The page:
Art as Economic Indicator
Yes there are some disagreements as to whether or not the sustained (5 years now) economic boom has been good for everyone not just the "rich". Eg some say that wages havent kept up with economic growth and labor productivity eg that labor productivity growth - eg technological advancement - has been captured in profits not wages.
The rejoinder to this might be that non-wage income (eg employee health insurance packages and other non-wage benefits) have increased along with the economy and that profits are good for all as more than 55% of people (Americans anyway) own stock in the same companies showing the profit. It is also a good sign that many of the necessities of life - food and clothes - have gotten cheaper relatively - so that the wage buys more. Thank you Target and Walmart and the Chinese and the Indians - and they in turn thank us for our contributions - it is a two way street !!!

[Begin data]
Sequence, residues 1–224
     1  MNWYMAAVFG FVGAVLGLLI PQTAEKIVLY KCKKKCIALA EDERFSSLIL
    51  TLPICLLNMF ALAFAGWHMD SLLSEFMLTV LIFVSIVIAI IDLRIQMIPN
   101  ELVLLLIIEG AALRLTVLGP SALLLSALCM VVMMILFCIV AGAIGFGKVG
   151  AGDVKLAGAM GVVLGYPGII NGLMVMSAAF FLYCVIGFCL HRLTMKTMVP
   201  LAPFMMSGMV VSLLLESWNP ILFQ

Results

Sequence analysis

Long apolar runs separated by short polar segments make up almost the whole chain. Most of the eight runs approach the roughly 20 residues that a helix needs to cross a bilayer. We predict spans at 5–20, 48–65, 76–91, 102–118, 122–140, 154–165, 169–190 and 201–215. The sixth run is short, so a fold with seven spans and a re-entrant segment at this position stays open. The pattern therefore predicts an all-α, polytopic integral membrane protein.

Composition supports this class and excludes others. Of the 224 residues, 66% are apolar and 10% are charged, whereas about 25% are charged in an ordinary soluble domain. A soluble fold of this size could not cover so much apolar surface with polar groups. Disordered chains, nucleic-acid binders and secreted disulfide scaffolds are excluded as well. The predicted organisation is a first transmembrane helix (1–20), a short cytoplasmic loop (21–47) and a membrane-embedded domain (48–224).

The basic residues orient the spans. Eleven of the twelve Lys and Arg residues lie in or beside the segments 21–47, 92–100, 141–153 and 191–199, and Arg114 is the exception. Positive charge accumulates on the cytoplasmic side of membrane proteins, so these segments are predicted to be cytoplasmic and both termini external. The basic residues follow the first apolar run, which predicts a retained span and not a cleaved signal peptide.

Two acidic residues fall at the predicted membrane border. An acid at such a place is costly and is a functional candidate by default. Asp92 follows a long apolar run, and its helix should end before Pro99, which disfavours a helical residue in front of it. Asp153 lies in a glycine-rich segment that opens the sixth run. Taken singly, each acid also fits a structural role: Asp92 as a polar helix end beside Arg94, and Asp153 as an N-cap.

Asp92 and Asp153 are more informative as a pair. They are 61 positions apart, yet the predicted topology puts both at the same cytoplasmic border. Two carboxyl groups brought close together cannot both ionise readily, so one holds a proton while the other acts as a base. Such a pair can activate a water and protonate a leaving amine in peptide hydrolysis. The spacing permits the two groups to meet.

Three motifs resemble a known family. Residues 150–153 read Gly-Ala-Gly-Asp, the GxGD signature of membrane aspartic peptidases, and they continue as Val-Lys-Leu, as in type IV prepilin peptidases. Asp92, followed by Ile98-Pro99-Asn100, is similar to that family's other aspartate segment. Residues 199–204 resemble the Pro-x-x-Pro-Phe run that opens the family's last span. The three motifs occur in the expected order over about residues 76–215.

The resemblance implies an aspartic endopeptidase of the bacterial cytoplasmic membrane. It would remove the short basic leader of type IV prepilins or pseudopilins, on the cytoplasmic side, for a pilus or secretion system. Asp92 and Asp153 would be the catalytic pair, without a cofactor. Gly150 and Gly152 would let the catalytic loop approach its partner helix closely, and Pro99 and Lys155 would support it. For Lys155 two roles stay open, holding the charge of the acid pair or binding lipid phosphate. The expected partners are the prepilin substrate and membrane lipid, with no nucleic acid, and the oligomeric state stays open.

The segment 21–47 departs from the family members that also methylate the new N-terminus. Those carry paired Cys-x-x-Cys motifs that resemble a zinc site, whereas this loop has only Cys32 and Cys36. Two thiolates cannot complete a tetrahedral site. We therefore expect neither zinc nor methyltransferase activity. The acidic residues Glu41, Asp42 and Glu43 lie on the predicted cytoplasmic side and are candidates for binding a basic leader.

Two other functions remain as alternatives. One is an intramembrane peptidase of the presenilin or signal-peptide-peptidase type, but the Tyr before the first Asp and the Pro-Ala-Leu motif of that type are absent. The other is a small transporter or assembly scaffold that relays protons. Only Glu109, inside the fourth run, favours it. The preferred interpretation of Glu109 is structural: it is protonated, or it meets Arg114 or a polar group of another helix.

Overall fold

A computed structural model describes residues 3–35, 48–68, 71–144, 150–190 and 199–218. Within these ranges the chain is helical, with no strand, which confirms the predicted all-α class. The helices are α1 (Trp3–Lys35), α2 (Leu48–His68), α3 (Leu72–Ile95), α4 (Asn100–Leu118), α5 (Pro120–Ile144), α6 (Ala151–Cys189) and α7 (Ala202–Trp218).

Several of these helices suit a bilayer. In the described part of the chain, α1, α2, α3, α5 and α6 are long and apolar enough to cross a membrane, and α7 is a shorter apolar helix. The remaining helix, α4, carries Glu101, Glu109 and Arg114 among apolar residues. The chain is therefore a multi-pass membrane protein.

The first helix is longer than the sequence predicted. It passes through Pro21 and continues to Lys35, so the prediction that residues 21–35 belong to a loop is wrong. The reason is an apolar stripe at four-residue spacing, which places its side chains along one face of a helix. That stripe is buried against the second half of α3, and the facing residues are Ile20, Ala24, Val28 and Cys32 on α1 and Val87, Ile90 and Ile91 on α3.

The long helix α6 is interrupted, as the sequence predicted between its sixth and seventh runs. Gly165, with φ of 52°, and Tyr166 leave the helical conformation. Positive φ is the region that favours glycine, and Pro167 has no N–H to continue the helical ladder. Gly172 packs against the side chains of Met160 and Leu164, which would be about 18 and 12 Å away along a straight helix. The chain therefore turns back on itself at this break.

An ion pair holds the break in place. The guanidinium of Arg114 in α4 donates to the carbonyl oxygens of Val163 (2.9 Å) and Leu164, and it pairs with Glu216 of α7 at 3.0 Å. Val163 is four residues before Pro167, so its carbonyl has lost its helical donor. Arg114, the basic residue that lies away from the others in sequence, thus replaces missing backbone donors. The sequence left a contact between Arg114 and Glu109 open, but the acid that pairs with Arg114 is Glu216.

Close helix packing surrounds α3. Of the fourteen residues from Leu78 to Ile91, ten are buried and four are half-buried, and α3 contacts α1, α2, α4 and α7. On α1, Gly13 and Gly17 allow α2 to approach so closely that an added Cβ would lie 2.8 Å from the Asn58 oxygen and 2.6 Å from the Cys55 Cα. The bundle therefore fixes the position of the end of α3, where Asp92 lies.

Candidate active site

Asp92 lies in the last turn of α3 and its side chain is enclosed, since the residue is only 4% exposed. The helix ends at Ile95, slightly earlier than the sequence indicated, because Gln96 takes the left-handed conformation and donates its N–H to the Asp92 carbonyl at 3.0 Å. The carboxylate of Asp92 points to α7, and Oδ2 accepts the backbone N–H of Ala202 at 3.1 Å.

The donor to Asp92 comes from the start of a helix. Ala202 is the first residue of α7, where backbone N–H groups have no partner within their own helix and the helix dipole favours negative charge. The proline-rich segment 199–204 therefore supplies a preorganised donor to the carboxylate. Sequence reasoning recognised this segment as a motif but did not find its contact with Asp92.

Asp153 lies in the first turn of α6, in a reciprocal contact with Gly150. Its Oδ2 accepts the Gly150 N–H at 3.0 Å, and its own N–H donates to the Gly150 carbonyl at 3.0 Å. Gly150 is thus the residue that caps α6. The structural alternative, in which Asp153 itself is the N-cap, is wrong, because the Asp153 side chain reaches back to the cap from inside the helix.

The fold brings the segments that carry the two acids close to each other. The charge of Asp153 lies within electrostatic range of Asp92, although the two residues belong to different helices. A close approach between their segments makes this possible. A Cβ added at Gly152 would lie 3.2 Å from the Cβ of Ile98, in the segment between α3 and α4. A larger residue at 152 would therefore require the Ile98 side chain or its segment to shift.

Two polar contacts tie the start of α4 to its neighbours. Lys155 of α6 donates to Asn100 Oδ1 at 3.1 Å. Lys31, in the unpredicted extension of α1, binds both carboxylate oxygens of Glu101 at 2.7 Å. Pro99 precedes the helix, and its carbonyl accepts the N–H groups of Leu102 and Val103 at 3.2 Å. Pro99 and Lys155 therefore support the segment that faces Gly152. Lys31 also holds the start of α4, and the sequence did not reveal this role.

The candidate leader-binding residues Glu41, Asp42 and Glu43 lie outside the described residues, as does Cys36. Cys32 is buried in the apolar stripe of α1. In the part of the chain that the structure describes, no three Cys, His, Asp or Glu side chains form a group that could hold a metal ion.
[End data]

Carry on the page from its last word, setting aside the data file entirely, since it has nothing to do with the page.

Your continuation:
Anyway the point of this blog entry is that the Fine Art market is now heading through the roof. (Just as an aside it is Workers take that the housing market was overvalued and sucking in too much of our national wealth - with the correction in this sector - eg the flattening of housing sales prices - funds are now moving to other assets eg art and stocks). Sotheby's is reaching its first $1 billion year and alot of artists are getting record amounts for their works.
But why should this not be? After five years of economic growth - and the advantages to all through global trade and global specialization of labor - why should there not be trickle up as well as trickle down? At least the Japanese arent over-paying for US movie houses and golf courses! They paid big for that over-indulgence!